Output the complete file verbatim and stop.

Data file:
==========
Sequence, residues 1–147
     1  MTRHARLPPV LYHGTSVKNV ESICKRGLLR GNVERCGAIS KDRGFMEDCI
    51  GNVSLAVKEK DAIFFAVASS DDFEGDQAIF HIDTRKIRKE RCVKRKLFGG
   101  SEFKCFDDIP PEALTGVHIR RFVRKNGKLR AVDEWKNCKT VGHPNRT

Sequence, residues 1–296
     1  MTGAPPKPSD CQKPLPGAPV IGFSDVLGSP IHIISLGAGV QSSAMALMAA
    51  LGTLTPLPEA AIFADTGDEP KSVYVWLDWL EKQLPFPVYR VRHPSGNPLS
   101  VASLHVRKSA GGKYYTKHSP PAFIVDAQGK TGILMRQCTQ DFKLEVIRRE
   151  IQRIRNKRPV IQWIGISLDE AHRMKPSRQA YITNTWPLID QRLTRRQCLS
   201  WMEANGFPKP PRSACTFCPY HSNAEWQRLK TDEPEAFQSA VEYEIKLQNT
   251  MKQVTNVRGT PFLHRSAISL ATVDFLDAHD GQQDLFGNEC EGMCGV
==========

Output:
Sequence, residues 1–147
     1  MTRHARLPPV LYHGTSVKNV ESICKRGLLR GNVERCGAIS KDRGFMEDCI
    51  GNVSLAVKEK DAIFFAVASS DDFEGDQAIF HIDTRKIRKE RCVKRKLFGG
   101  SEFKCFDDIP PEALTGVHIR RFVRKNGKLR AVDEWKNCKT VGHPNRT

Sequence, residues 1–296
     1  MTGAPPKPSD CQKPLPGAPV IGFSDVLGSP IHIISLGAGV QSSAMALMAA
    51  LGTLTPLPEA AIFADTGDEP KSVYVWLDWL EKQLPFPVYR VRHPSGNPLS
   101  VASLHVRKSA GGKYYTKHSP PAFIVDAQGK TGILMRQCTQ DFKLEVIRRE
   151  IQRIRNKRPV IQWIGISLDE AHRMKPSRQA YITNTWPLID QRLTRRQCLS
   201  WMEANGFPKP PRSACTFCPY HSNAEWQRLK TDEPEAFQSA VEYEIKLQNT
   251  MKQVTNVRGT PFLHRSAISL ATVDFLDAHD GQQDLFGNEC EGMCGV